Recording the sound of a bell is very difficult. On the one hand, loud volume is one of the bell’s key expressive features. But on the other, the unique nature of each bell and the richness of its timbre is at its best when the volume is of a medium or low resonance as a result of a gentle and delicate strike. The human ear hears all this quite naturally but making a recording of it is a much more complex task. Indeed, it is likely that, so far, a truly satisfactory recording of the sound of bells has yet to be made.
This is what we have been striving to achieve by experimenting with various different approaches. We have used special microphones, which only we have, and DXD technology to fully explore the entire palette of sound. We are still finding our way and we cannot see the end to it yet but now we are ready to present our first results to you, the audience, in this carillon recording made in the St Peter and Paul Cathedral in St. Petersburg, Russia.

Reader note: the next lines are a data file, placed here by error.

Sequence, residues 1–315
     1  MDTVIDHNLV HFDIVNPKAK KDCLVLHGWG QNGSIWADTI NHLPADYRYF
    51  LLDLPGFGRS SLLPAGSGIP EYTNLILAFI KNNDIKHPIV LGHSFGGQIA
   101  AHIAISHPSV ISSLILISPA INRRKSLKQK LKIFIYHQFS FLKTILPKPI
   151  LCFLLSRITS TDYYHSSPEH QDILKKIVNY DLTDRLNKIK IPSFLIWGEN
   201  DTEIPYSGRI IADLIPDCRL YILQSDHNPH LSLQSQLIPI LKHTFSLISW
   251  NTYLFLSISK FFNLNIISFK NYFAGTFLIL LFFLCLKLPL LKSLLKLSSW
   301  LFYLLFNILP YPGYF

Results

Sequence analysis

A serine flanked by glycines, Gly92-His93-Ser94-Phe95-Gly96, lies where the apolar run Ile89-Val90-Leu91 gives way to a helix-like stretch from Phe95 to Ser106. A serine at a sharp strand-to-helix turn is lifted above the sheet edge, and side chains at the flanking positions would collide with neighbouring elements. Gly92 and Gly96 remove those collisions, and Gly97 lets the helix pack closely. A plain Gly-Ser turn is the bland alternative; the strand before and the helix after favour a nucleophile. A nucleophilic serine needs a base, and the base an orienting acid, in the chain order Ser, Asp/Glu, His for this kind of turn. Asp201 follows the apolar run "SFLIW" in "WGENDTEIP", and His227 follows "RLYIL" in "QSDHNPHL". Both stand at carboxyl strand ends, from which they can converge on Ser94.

Our recording invites you to come with us up into the bell-tower and hear the carillon from within – to hear what the carillonist hears while playing. You will find yourself surrounded by the sound of the beautiful Petit & Fritzen bells and, at times, will even be able to hear the working of the carillon keyboard mechanism and the transmission connecting keys to the bell clappers.
We introduce the carillon as it can never be heard during a concert standing at the base of the tower.